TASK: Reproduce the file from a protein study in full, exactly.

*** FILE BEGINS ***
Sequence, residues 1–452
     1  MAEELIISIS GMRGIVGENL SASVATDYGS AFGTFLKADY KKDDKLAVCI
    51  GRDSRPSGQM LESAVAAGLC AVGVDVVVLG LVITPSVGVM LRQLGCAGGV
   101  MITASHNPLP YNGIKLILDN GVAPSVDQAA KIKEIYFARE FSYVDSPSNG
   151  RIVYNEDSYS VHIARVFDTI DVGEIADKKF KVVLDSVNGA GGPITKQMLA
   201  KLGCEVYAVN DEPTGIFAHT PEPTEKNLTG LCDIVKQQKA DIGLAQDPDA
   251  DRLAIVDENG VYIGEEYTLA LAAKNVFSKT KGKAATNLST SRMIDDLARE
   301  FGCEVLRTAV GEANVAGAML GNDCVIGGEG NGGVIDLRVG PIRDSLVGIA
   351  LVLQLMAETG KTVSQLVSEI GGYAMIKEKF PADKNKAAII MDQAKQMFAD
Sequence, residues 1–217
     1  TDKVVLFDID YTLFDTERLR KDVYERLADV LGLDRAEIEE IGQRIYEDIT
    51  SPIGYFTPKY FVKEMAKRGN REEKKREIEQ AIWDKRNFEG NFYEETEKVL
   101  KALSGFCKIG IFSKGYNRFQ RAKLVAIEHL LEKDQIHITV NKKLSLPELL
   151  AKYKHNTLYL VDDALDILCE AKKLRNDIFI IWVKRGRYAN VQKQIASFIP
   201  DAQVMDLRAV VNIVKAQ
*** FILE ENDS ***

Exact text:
Sequence, residues 1–452
     1  MAEELIISIS GMRGIVGENL SASVATDYGS AFGTFLKADY KKDDKLAVCI
    51  GRDSRPSGQM LESAVAAGLC AVGVDVVVLG LVITPSVGVM LRQLGCAGGV
   101  MITASHNPLP YNGIKLILDN GVAPSVDQAA KIKEIYFARE FSYVDSPSNG
   151  RIVYNEDSYS VHIARVFDTI DVGEIADKKF KVVLDSVNGA GGPITKQMLA
   201  KLGCEVYAVN DEPTGIFAHT PEPTEKNLTG LCDIVKQQKA DIGLAQDPDA
   251  DRLAIVDENG VYIGEEYTLA LAAKNVFSKT KGKAATNLST SRMIDDLARE
   301  FGCEVLRTAV GEANVAGAML GNDCVIGGEG NGGVIDLRVG PIRDSLVGIA
   351  LVLQLMAETG KTVSQLVSEI GGYAMIKEKF PADKNKAAII MDQAKQMFAD
Sequence, residues 1–217
     1  TDKVVLFDID YTLFDTERLR KDVYERLADV LGLDRAEIEE IGQRIYEDIT
    51  SPIGYFTPKY FVKEMAKRGN REEKKREIEQ AIWDKRNFEG NFYEETEKVL
   101  KALSGFCKIG IFSKGYNRFQ RAKLVAIEHL LEKDQIHITV NKKLSLPELL
   151  AKYKHNTLYL VDDALDILCE AKKLRNDIFI IWVKRGRYAN VQKQIASFIP
   201  DAQVMDLRAV VNIVKAQ